Monday, March 5, 2018

Monday Morning Chartology


The Morning Call

3/5/18

The Market
         
    Technical

            The pin action last week was heartburn inducing.  However, Friday the S&P bounced off its 100 day moving average---this after bouncing off its 200 day moving average mid-February.  In the process, it made a higher low.  Of course, it had previously made a lower high; so there is a narrowing of its very short term trading action.  Nonetheless, at this moment, it has more near-in downside support than it has upside resistance.  So the technically speaking, I think prices are more likely to go higher than lower.

                And:



            About the only positive thing one can say about the TLT chart is that it has bounced off the lower boundary of its long term uptrend twice; but it is not unusual for a long term trend to be challenged several times before breaking.  Other than that, momentum is clearly to the downside.

            Jim Grant on the bond market (medium and a must read):



            The dollar has at least stabilized, which is to be expected if interest rates are rising.  However, momentum is still to the downside, though it may be losing steam.



            GLD has held its short term uptrend and remains above its 100 and 200 day moving averages.  That it has also made a recent lower higher is a little disconcerting; but as long as it holds the uptrend, I am encouraged.



            The VIX remains above its 100 and 200 day moving averages and tested the lower boundary of its short term uptrend; however, it also failed to make a new high.  So its very short term direction is a little cloudy.  One thing we do know is that which ever way it breaks, it will likely be a bit stomach churning.

           


    Fundamental

       Headlines

            Update on valuations (medium):

            The economic data in the week of 2/19 were generally upbeat though the primary indicators were negative.  I rate it a neutral.  In other news was the releases of the most recent FOMC minutes whose narrative was more negative than those from recent meetings.  Nonetheless, investors chose to interpret it dovishly.

            Last week, the stats were poor and the primary indicators were awful.  So I call it a negative.  Score: in the last 125 weeks, forty-two were positive, fifty-nine negative and twenty-four neutral.  The importance of the latest numbers is that(1) they continue the trend of slowing/stagnating economic activity, (2) but they are contradictory to the latest comments by new Fed head Powell, who in his latest testimony to congress talked up the strength in the economy and hence, the increasing likelihood of more rate hikes.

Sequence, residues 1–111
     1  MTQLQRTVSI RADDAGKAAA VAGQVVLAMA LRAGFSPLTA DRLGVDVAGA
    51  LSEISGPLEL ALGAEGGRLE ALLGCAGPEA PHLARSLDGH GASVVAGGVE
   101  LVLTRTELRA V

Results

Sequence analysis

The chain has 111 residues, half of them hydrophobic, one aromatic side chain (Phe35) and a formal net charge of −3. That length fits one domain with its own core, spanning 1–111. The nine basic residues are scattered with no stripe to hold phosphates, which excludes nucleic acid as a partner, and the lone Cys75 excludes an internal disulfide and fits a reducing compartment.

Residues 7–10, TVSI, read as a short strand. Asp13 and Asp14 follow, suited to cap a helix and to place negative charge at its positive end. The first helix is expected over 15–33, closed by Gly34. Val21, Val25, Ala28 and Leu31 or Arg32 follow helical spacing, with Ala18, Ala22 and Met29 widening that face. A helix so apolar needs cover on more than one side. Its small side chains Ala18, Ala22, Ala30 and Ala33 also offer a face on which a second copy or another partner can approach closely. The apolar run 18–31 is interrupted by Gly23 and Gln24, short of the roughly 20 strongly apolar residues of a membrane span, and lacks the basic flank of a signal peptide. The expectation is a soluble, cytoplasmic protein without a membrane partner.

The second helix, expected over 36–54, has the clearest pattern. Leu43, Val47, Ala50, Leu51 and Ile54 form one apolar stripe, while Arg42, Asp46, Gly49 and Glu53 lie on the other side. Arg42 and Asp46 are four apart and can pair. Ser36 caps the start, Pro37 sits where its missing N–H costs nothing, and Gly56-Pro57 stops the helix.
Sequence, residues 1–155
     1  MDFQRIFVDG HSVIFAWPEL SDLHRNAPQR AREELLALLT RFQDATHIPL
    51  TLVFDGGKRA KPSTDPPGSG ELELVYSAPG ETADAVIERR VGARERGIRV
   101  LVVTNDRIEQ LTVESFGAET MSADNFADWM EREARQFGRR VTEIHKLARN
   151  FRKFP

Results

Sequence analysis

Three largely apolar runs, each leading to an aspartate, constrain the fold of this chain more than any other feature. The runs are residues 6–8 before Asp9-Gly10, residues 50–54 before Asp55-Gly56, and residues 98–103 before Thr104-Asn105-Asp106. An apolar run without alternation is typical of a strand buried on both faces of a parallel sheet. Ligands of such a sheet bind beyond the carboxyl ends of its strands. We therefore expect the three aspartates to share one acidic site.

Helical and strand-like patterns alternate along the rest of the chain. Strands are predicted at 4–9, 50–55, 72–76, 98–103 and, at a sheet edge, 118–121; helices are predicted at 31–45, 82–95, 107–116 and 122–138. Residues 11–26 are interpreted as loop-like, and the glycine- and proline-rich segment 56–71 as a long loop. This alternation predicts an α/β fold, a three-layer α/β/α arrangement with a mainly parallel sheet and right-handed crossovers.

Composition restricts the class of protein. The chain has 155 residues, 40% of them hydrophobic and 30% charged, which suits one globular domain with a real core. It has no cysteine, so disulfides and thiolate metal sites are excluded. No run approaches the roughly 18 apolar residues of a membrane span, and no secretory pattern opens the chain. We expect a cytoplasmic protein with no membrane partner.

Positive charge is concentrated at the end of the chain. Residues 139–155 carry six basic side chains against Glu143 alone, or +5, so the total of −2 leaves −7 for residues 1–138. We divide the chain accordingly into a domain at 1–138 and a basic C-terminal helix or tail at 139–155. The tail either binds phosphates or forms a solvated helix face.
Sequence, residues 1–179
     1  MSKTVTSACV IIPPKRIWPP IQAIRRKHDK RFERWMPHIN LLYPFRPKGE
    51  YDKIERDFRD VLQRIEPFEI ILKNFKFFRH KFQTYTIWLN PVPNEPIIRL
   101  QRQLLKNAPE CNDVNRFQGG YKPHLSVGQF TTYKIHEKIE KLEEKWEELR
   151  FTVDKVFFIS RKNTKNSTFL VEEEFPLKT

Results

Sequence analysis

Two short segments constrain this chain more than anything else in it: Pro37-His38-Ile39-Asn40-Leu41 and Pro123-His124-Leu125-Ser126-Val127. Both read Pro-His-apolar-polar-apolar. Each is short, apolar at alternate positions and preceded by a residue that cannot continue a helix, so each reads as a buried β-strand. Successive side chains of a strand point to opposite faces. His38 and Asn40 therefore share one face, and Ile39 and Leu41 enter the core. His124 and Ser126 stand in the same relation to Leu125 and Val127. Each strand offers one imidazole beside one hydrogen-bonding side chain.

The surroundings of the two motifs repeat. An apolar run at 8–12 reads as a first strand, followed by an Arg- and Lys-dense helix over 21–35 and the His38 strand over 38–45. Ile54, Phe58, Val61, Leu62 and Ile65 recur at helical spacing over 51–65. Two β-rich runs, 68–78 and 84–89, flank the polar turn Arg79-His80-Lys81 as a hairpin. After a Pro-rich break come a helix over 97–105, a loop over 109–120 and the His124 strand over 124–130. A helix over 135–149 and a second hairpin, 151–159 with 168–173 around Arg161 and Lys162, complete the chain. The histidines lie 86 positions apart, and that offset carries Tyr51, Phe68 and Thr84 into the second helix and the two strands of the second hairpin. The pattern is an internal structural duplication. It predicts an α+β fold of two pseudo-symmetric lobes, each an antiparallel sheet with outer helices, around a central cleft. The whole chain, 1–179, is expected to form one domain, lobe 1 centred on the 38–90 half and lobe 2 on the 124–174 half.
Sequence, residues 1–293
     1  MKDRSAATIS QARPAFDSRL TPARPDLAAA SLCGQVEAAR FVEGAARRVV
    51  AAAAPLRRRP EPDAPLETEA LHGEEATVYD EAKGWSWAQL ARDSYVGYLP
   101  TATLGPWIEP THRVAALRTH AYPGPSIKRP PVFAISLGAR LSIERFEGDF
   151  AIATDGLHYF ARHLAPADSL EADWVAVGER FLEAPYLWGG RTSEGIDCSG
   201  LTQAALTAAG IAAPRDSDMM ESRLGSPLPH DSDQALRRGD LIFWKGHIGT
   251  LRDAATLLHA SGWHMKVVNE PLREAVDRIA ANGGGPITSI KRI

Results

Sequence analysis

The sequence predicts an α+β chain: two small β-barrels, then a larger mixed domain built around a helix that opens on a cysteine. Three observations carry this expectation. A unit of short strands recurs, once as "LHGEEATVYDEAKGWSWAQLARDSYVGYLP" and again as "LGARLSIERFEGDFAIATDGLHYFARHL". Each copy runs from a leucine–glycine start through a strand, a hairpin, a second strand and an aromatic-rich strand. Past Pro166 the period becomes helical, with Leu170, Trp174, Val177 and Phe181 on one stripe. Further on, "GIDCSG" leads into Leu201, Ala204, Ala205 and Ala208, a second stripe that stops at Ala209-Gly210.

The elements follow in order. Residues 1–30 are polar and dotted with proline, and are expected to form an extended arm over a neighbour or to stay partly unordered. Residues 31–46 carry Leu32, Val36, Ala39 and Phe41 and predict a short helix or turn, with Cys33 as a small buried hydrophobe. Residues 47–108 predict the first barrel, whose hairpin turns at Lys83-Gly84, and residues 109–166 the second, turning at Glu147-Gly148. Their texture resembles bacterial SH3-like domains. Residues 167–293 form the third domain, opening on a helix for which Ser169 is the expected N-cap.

When I read his comments, I couldn’t help wondering what data that he was looking at given that the last nine weeks of stats has been sub-par.  Jeffrey Snider has suggested in several links in these notes that the Fed’s consistent misinterpretation of some of the data (1) was a function of  the Fed’s faulty Keynesian model and (2) the Fed’s staff attempt to beat cognitive dissonant numbers so that they fit the model, however lacking in objectivity it is.  In short, we could be facing a scenario in which the Fed is starting to rationalize the unwinding of QE---and its impact on the equity market.

And making matters a bit more dicey, BOJ governor Kuroda hinted that the end of Japanese QE may be near (medium):

The other newsworthy item was Trump’s cranking up the rhetoric on steel and aluminum tariffs and will reportedly impose them this week.  I have spent way too much time lamenting the potential consequences of a trade war to repeat myself.   However, the data available on the pricing in steel and aluminum industries makes the Donald’s threats a bit mystifying; that is, as explained below, these tariffs impact our allies much more than Trump’s biggest trade whipping boy, China.

That said, I remain in the camp of those adamantly opposed to tariffs.  Playing out before us is a huge gamble by Trump: is he right about the extent of price cheating and that there will be little response or is he about to start a real trade war?   I have tried to link to as many opinions, pro and con, as I could find that might clarify the issue for us.  But alas I see no strong indication one way or the other about how this ends.  But it looks like we are about to find out.
     
            What happened after Smoot Hawley passed (short):

            What happened when Bush imposed steel tariffs (short):

            In addition (short):

            The WSJ opinion (medium):
               
                Our trading partners’ opinion (medium):

            In addition (medium):

            Gary Cohn’s opinion (medium):

            Trump advisors response (medium):

            Then doubles down (medium):

            CafĂ© Hayek on tariffs (short):


                        And (also short):

            *overnight (short):

    News on Stocks in Our Portfolios
 
Economics

   This Week’s Data

      US

     International

            ***overnight, the February EU and Chinese composite PMI’s were below expectations.

    Other

            Goldman on the ‘synchronized global expansion’ (short and a must read):

What I am reading today

            Quote of the day (short):

            When you feel like the world is coming to an end, take a look at these charts (short):

            Italy’s anti-establishment vote (medium):


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